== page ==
We had planned to go out one last time when Phil got in on Friday but John came down with something and had to take a rain check. Frankly that probably worked out for the best as we still stayed up too late and had to pack up the next morning.
PS~ The RV Park had free continental breakfasts. Best part about that was not having to make my own coffee every morning in the bus.

West Texas, and Roswell, NM

While driving through west Texas and in particular through New Mexico I was totally unprepared for how stark and spare that region of the United States is. When looking at a map there were dots and names for towns, but as we drove past we typically found the ‘town’ to primarily consist of a small sign declaring the town and in one case (as we desperately needed gas) a single building declaring ‘Fresh Water’ and nothing else. There is an empty vastness to New Mexico that I didn’t understand until driving through the state.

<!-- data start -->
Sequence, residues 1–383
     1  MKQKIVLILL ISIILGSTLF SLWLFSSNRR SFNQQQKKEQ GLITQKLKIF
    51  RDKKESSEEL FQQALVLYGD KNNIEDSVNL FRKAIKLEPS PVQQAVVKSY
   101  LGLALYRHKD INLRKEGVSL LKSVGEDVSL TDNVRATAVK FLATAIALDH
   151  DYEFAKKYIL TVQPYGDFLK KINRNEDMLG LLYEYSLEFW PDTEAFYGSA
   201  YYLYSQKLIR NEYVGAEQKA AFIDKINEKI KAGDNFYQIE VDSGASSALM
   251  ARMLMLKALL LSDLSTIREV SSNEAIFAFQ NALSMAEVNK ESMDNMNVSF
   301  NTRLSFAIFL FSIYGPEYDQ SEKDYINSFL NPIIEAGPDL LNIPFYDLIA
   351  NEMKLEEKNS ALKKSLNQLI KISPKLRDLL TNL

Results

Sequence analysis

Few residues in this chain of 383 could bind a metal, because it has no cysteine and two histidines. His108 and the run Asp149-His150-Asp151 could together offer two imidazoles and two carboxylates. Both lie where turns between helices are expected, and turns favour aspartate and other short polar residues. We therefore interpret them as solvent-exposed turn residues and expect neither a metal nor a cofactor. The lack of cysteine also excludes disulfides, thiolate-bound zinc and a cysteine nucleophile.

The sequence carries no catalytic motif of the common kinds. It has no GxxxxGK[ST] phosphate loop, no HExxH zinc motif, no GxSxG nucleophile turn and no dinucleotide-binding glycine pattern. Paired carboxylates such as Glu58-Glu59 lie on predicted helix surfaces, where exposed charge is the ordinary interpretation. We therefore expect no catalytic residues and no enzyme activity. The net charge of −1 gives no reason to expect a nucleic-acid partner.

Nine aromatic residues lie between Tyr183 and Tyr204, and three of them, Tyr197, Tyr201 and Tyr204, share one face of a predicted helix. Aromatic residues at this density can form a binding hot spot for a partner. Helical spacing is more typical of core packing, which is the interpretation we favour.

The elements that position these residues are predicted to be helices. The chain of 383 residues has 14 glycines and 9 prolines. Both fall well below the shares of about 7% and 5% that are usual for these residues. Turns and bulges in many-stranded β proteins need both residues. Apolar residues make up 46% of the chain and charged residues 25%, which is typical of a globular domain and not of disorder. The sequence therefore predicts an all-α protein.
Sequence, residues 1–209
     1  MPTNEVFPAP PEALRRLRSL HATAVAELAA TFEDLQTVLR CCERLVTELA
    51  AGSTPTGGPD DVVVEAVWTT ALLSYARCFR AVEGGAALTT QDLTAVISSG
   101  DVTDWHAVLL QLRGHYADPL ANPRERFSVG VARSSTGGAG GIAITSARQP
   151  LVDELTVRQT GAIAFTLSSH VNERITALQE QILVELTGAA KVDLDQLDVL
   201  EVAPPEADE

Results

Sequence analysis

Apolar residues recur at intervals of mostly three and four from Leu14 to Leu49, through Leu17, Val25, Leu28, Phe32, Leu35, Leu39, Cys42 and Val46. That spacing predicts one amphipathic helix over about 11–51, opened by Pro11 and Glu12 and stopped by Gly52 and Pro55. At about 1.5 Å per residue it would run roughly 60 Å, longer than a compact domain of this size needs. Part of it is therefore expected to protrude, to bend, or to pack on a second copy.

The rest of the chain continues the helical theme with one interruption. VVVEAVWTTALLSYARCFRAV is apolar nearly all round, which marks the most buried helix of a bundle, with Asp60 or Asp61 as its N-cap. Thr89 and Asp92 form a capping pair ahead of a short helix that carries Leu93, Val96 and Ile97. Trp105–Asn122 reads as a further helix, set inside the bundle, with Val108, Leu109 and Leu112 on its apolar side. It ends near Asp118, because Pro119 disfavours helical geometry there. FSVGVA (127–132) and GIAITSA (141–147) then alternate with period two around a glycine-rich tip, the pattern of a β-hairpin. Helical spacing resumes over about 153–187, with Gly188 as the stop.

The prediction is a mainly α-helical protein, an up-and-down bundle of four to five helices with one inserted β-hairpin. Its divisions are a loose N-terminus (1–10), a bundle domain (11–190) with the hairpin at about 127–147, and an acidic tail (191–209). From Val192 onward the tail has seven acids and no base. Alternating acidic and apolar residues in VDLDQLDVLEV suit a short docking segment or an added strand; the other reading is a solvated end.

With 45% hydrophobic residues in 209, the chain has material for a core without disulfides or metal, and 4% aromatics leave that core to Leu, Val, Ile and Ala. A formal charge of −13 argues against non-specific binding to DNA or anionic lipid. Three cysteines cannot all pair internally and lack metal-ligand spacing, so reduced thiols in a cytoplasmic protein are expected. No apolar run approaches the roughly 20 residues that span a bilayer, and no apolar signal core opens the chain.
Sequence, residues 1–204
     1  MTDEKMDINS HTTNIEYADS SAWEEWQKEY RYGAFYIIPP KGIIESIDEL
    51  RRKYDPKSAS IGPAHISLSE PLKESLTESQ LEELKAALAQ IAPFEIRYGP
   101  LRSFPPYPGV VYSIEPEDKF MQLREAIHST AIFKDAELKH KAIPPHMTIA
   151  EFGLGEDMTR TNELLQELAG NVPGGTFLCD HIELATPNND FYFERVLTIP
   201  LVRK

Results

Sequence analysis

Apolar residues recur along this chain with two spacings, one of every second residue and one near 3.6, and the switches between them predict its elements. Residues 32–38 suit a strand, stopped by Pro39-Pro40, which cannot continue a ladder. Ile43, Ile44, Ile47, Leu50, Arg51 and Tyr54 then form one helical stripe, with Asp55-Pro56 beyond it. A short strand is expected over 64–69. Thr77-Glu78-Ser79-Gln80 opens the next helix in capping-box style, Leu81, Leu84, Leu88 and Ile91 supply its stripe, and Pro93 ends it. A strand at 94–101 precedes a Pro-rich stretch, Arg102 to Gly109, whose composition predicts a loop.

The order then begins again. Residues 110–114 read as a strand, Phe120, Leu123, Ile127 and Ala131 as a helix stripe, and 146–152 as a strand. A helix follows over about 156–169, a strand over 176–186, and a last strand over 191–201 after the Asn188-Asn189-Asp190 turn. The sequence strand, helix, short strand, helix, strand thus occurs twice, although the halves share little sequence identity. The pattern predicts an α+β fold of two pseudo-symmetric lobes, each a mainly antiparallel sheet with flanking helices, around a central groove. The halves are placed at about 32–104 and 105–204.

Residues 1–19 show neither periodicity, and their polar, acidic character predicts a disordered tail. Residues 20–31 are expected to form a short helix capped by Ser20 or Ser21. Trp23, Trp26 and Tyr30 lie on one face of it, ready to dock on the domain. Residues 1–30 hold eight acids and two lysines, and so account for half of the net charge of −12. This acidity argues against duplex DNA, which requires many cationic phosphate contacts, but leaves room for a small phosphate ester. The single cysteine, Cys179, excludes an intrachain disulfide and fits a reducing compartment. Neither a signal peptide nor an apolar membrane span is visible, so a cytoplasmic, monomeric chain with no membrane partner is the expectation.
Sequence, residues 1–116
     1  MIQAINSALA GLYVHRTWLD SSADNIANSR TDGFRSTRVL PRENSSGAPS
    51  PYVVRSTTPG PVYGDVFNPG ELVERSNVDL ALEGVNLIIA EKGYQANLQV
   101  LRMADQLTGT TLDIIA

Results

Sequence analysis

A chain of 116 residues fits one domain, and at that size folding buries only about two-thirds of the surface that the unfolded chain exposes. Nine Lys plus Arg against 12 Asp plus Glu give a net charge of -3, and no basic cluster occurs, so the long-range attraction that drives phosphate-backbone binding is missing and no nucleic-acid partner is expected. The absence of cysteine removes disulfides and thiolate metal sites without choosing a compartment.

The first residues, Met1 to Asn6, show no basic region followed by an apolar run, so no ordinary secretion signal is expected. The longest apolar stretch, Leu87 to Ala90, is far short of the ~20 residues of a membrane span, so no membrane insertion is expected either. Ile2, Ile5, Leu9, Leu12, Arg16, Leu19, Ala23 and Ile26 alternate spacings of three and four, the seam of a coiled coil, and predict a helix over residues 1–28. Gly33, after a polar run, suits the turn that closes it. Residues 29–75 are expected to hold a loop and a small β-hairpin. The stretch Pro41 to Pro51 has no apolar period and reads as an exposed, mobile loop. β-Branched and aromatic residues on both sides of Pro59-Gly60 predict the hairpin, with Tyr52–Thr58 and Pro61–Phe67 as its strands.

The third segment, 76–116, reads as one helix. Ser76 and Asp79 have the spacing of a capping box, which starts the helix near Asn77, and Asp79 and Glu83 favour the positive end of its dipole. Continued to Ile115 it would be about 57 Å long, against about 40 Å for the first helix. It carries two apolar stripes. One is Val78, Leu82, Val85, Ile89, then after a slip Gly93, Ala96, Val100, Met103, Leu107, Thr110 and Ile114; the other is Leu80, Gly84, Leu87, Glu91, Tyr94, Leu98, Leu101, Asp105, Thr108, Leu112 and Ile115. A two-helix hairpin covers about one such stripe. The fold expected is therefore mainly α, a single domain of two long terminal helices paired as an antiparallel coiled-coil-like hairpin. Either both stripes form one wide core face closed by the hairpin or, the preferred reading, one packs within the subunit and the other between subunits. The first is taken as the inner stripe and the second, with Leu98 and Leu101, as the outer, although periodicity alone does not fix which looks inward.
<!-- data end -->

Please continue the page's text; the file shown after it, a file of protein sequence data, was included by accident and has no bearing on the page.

We stopped in Roswell for food and gas. We were hoping that there would be some attractions for us to waste some time at (I’ve heard of the cheesy alien museum, but we had no idea where it was), but didn’t run into anything while driving through the main strip. Roswell didn’t seem that much different than most small towns aside from the requisite large eyed aliens outside of every shop (every fast food joint had a little green man outside).

Stairway to Heaven is a long song:

Carlos, drop it again:

Dallas… erm, Frisco, TX

We actually didn’t stay in Dallas ‘proper’, we were in a northern suburb of Dallas called ‘Frisco.’ From our perspective there wasn’t a lot for us to do as there wasn’t much in walking distance or biking distance other than go to strip malls. Also, it appeared that Frisco was frightened by the use of it’s denizens using bicycles… the sidewalks were littered with light polls, fire hydrants, or steps to a business. We biked to a bar near the Dallas Parkway and there were a couple of close calls with the sidewalk being a dick or disappearing altogether.

Some of the big surprises for us: Frisco was a ‘dry’ county in that they didn’t sell bottles of liquor. You could buy beer and wine, or buy beer/wine/liquor at a bar, but no bottles of liquor. Also, everything seemed to call it a night around 11pm or Midnight. As annual night owls, this tripped us all up a bit. We honestly couldn’t figure out what vices folks in Frisco had, perhaps franchising businesses?